What seems like a lifetime ago, I was sitting in 7th grade math class - come to think of it, that was a lifetime ago - being lectured by Mrs. Kennedy on the U.S.'s inevitable conversion to the metric system. Mrs. Kennedy was ruddy-faced, rail-thin and hailed from County Mayo, Ireland. She had a penchant for white-framed cat's-eye glasses and, when angered, was able to reach a decibel level that could mute a heavy metal concert. She augmented the regular curricula with a focus on metric problems and conversion exercises, and by the end of the year, we were able to map out car trips in kilometers and judge the results of encroaching puberty in kilograms and centimeters.
Sadly for her, her painstaking preparation was rendered moot, as the metric incursion never managed to cross the Atlantic or penetrate our northern and southern borders.
Flash forward more years than I care to recall, and I get a familiar feeling with regard to International Financial Reporting Standards. For a while, it looked like the U.S. was eager to sign on, with former SEC Chairman Christopher Cox being one of the loudest proponents and his agency offering up a roadmap for an adoption timetable. But with the change in administration came a new SEC chair, Mary Schapiro, who, until lately, had given no indication that her agency was going to be tethered to a schedule drawn up by her predecessor. Add to that the burdens placed upon the regulator by the financial crisis and the mounds of egg that needed to be wiped off its face after its disgraceful inaction and missed chances in the Madoff scandal, and clearly adoption of international accounting standards was in no danger of vaulting to the top of its "to-do" list.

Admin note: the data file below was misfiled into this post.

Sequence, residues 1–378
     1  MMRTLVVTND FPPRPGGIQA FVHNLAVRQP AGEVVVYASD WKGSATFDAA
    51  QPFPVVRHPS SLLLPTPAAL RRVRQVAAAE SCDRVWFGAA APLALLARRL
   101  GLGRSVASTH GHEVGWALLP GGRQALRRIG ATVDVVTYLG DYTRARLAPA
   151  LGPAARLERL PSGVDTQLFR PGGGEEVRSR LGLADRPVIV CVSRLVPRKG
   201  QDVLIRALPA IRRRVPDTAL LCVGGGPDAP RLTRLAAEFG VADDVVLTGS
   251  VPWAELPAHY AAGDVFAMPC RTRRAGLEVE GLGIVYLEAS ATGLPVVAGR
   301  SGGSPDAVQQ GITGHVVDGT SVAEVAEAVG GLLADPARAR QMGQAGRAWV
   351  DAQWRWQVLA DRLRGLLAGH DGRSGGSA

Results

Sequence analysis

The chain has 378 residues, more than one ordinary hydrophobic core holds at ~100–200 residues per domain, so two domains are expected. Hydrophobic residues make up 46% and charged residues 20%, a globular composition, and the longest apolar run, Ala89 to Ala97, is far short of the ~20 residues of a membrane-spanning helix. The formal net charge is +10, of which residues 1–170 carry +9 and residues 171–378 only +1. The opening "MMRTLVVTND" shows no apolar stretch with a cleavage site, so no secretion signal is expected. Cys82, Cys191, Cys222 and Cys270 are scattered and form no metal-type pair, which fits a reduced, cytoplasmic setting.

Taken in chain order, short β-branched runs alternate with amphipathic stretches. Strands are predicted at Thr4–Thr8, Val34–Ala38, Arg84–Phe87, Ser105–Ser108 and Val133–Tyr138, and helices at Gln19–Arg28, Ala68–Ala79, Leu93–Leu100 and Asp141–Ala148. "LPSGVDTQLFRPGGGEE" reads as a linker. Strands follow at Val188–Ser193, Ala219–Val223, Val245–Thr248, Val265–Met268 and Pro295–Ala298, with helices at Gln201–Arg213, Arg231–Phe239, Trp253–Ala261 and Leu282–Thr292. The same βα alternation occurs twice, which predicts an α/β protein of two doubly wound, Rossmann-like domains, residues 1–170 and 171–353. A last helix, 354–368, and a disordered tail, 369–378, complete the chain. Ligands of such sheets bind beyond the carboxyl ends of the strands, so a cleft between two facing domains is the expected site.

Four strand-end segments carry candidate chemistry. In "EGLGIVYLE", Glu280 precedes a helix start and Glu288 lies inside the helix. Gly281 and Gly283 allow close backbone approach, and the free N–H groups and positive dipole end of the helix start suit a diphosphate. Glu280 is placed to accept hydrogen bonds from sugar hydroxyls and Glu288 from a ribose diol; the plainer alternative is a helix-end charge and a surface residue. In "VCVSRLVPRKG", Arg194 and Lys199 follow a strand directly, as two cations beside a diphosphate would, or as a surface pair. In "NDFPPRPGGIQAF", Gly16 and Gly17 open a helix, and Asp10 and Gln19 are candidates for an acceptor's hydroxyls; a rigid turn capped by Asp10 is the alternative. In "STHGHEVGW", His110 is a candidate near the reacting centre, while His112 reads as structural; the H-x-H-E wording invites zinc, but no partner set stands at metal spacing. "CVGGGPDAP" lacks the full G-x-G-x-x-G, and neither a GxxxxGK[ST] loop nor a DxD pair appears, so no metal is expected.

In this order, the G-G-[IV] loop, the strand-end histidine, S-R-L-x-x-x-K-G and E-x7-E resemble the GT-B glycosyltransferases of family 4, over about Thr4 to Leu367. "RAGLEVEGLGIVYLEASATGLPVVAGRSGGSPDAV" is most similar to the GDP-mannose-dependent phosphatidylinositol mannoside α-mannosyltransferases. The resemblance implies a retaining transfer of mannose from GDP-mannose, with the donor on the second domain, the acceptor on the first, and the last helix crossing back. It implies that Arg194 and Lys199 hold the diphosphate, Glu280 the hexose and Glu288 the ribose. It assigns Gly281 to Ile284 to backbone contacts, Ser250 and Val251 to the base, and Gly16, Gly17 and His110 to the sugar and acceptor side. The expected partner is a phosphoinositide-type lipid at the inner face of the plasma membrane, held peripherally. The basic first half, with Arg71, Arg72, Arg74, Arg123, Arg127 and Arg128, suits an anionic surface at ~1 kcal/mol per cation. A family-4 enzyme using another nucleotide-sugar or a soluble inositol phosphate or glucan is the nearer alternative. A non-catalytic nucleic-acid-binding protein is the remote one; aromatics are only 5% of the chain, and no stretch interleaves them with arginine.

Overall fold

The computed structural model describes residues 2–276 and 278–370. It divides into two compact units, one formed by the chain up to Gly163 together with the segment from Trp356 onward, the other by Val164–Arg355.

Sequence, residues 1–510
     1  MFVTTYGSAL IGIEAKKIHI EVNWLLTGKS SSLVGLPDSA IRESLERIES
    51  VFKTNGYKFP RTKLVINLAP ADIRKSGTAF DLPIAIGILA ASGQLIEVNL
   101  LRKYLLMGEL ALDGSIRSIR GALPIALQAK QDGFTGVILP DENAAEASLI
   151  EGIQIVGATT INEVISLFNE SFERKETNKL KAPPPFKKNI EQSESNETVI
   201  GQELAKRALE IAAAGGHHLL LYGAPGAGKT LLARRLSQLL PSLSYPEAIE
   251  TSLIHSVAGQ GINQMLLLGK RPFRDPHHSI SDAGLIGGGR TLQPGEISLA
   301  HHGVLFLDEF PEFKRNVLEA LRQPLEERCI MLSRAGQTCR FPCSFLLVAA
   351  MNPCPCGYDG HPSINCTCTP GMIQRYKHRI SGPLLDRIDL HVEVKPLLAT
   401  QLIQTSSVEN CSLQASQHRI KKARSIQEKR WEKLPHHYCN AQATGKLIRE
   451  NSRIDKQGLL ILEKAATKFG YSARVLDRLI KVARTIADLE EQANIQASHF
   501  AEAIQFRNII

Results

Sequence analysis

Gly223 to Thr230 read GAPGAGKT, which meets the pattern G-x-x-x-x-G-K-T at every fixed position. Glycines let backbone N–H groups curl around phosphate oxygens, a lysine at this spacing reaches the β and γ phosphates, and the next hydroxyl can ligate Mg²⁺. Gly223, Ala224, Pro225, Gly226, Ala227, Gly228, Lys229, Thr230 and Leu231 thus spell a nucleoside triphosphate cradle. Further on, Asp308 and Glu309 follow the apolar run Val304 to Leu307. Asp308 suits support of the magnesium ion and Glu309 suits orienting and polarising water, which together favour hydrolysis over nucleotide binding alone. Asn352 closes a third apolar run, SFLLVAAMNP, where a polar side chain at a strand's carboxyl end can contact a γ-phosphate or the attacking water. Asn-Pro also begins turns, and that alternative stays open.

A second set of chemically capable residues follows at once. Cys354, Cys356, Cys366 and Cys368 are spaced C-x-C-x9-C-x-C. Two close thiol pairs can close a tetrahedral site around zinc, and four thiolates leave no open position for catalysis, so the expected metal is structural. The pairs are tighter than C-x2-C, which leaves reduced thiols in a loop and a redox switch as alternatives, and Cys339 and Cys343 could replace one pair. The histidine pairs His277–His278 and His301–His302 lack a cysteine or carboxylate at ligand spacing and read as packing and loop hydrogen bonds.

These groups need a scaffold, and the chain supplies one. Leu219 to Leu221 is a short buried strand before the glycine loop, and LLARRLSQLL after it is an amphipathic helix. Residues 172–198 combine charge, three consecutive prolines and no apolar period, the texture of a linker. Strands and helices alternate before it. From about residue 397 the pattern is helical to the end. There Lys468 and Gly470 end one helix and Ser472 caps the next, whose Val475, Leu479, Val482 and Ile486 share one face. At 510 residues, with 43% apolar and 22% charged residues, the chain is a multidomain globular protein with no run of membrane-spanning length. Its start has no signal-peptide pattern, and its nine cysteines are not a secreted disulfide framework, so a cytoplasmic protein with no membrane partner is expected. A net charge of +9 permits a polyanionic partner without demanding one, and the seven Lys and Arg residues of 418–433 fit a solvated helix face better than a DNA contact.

The SEC has subsequently reversed that position somewhat, as Chief Accountant James Kroeker recently told attendees at a conference in New York that a return to the roadmap is perhaps a prudent course of action to take.
But there are more than a few potholes that have to be filled first, not the least of which is getting a lengthy roster of countries to agree on anything, let alone something as complex as accounting standards. Then there's the problem of natural evolution, as IFRS in 2011 is sure to be a bit different from IFRS in 2014 - the adoption date for the SEC roadmap offered up during Cox's chairmanship.
Regardless of whatever timetable is eventually adopted or how smoothly the transition to the sometimes-amorphous arena of principles-based professional judgment goes, the convergence movement has to begin not only within firms, but also within the halls of academe.
Recently, Big Four firm KPMG and the American Accounting Association surveyed some 500 accounting professors about IFRS, and more than 80 percent of them indicated that international standards need to be immediately incorporated into the accounting curricula - or at the least by 2011 - with about half maintaining that the U.S. should transition to IFRS to remain competitive.
The ongoing school of thought is that in order to remain competitive on a global basis, the U.S. has to adopt a single set of global accounting standards, and all the polling statistics in the world probably won't expedite that. But if and when that happens, we had better have future generations of accountants prepared for that eventuality.
I'm sure Mrs. Kennedy would be happy to explain how to do just that - loudly.
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